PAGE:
Michael Hertlein .... foley editor
Robert Jackson .... supervising sound editor (as Robert C. Jackson)
Tony Lamberti .... sound re-recording mixer
Derek Marcil .... adr mixer
Jared Marshack .... digital transfer engineer
Chris Navarro .... adr recordist
Eric Thompson .... adr mixer
Steve Weiss .... sound mixer
James Wright .... stereo sound consultant: Dolby Stereo
 
Special Effects by
Richard Cory .... special effects coordinator
 
Camera and Electrical Department
Clint Allisone .... electrician
Chris Burgon .... best boy electric
Elisha Christian .... additional rigging grip
Kevin M. Graves .... best boy grip
Edward A. Gutentag .... Steadicam operator
Joshua Lee Huber .... grip
Colin Hudson .... Steadicam operator
Sunny Lee .... key grip
James McCusker .... electrician
Phil Miller .... key rigging grip
Kelly Price .... grip
Rocky Rodriguez .... electrician
David E. Thomas Jr. .... assistant camera
Daniel P. Venti .... first assistant camera
 
Casting Department
Sasha Adkinson .... extras casting agent
Lauren Grey .... casting associate
 
Costume and Wardrobe Department
Chandra Moore-Telfer .... on-set costumer (as Chandra Moore)
Erika Munro .... wardrobe supervisor
Marta Villalobos .... costumer
Deborah Zimmerman .... set costumer
 
Editorial Department
George Chavez .... color timer
Vivian Hengsteler .... negative cutter
Bryan McMahan .... colorist: mastering
Dana Merwin .... post-production coordinator
Tim Mirkovich .... first assistant editor
 
Music Department
Clint Bennett .... music mixer
Clint Bennett .... song recordist
Ariel Blumenthal .... additional composer: score (as Ariel A. Blumenthal)
Bryan Carrigan .... music scoring mixer
Melissa R. Kaplan .... theme song vocalist
Elissa Marshall .... music supervisor
Janet Billig Rich .... music supervisor
Oskar Rózsa .... conductor
Matthew Rush Sullivan .... music consultant
Sherry Whitfield .... music editor
 
Transportation Department
Geno Hart .... transportation coordinator
Philip Henderson .... driver
Kirk Huston .... transportation captain
Steve Larson .... transportation dispatcher
 
Other crew
James M. Arnold .... lead payroll accountant
Susan Bannout .... set medic
Greg Bernstein .... legal services
Zachary Brandler .... assistant: Mr. Kopeloff
Michael G. Cruz .... location assistant
Edward Deraney .... stand-in
Michael Desante .... technical advisor: Arabic
Richard DiPatri .... assistant location manager
Aditya Ezhuthachan .... assistant to executive producer
Julie Hansen .... post production accountant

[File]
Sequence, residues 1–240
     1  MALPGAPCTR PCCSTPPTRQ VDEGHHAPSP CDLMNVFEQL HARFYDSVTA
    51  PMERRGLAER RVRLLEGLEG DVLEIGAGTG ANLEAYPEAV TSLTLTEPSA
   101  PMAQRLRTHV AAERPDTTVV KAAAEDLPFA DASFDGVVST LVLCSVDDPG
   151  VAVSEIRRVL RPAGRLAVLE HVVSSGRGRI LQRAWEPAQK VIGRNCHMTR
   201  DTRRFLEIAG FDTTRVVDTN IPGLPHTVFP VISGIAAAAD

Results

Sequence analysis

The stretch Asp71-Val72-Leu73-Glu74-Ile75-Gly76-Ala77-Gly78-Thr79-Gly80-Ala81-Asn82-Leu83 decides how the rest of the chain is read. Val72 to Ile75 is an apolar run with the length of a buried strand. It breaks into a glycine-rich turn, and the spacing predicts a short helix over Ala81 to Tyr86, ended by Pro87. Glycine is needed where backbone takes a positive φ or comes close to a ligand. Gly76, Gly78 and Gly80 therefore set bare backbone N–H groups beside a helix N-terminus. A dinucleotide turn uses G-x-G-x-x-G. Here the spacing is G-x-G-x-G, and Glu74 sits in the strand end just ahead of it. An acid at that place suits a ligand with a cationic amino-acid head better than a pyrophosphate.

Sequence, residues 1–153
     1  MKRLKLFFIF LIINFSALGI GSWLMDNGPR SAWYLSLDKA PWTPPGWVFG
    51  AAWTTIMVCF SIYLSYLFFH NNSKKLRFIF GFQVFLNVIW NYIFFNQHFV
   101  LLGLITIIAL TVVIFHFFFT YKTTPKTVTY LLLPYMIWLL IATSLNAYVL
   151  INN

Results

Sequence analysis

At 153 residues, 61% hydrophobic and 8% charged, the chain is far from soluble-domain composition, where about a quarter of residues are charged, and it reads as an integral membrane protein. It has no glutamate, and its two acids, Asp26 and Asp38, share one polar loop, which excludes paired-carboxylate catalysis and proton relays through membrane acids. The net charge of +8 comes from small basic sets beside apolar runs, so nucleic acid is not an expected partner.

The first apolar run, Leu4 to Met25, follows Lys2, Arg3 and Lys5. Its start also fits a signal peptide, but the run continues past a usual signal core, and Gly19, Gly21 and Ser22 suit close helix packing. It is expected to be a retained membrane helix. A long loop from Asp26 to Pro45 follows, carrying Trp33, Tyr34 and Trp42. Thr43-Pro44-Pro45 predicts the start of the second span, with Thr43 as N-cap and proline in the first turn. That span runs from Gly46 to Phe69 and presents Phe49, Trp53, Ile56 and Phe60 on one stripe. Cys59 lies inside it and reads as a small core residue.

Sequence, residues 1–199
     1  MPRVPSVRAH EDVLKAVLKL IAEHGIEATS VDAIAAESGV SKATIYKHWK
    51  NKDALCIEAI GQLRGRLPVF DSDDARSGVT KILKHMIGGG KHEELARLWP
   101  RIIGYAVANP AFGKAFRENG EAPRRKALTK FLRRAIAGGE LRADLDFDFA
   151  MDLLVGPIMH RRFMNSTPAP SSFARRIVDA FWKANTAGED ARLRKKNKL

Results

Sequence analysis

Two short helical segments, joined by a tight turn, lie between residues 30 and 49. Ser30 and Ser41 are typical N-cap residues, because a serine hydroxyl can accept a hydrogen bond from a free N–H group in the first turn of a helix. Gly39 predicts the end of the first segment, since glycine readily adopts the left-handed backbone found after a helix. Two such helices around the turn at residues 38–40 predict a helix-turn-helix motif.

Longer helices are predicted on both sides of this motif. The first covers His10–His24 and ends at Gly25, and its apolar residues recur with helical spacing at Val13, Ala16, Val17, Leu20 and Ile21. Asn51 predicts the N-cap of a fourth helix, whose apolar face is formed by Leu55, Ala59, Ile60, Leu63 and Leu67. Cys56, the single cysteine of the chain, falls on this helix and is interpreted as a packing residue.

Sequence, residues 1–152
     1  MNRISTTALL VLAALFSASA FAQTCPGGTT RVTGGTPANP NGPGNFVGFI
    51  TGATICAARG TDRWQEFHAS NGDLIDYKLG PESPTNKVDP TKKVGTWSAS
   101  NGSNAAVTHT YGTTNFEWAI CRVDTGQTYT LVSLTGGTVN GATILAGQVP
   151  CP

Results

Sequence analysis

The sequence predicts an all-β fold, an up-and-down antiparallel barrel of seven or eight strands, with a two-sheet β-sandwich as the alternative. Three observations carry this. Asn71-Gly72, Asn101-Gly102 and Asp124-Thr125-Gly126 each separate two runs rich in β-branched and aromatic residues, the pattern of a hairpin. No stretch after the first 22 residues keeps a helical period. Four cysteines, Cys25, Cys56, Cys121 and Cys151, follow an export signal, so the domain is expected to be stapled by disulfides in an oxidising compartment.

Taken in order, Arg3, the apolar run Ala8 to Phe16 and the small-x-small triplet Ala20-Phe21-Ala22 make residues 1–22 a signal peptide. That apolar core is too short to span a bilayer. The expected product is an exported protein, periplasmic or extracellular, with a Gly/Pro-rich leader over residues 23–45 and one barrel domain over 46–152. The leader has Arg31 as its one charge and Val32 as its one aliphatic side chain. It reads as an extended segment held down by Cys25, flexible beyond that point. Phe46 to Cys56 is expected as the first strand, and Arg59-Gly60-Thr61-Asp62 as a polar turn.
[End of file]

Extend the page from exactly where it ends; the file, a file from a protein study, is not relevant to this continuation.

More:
Todd Havern .... production assistant
Amina Islam .... stand-in
Sharre Jacoby .... producer: main and end titles
Adam Jordan .... production assistant
Andrew C. Keeter .... location manager
Chris Losnegard .... office production assistant
Karen M. Nichols .... title designer: main titles, New Wave Entertainment
Davis Priestley .... production assistant
Eric Raber .... digital transfer engineer
Julie Strang .... dog trainer
Melinda Sustin .... assistant to producers
David C. Taylor .... assistant: Mr. Siega
Christopher Touchton .... production assistant
Tori White .... stand-in
Jennifer Wood .... assistant production coordinator
Nicole Zuehl .... dog trainer (as Nicole Zuel)
Warner Loughlin .... acting coach (uncredited)
 
Thanks
Darlene Gorzela .... special thanks
Doug Hylton .... special thanks (as Doug 'Disco' Hylton)
Jennifer Kuwabara .... special thanks
Duke Lim .... special thanks
Christopher Meloni .... special thanks
Rick Sparr .... special thanks
David Sterzing .... special thanks
Diane Upson .... special thanks
Hillary Weaver .... special thanks
 

Production CompaniesDistributorsSpecial EffectsOther Companies

Additional Details

Also Known As:
"High School Confidential" - Belgium (English title) (DVD title)
See more »
MPAA:
Rated R for strong sexual content and graphic dialogue involving teens, and language
Runtime:
USA:104 min | UK:110 min | Argentina:107 min
Country:
Language:
Color:
Aspect Ratio:
2.35 : 1 See more »
Sound Mix:
Certification:
Filming Locations:

Did You Know?

Trivia:
In the casting office scene, the photos on the wall are of actual child actresses, including Tamara Hope and Lindsay Felton.See more »
Quotes:
Mr. Anderson:Kimberly Joyce, you have the face of an angel. Throw in a ripe, little pubescent body - the devil wears a gray skirt, my friend.See more »
Movie Connections:
References To Kill a Mockingbird (1962)See more »
Soundtrack:
Summer RainSee more »

62 out of 77 people found the following review useful.
"Oh La La, I Dropped My Baguette", 18 February 2006
Author: aimless-46 from Kentucky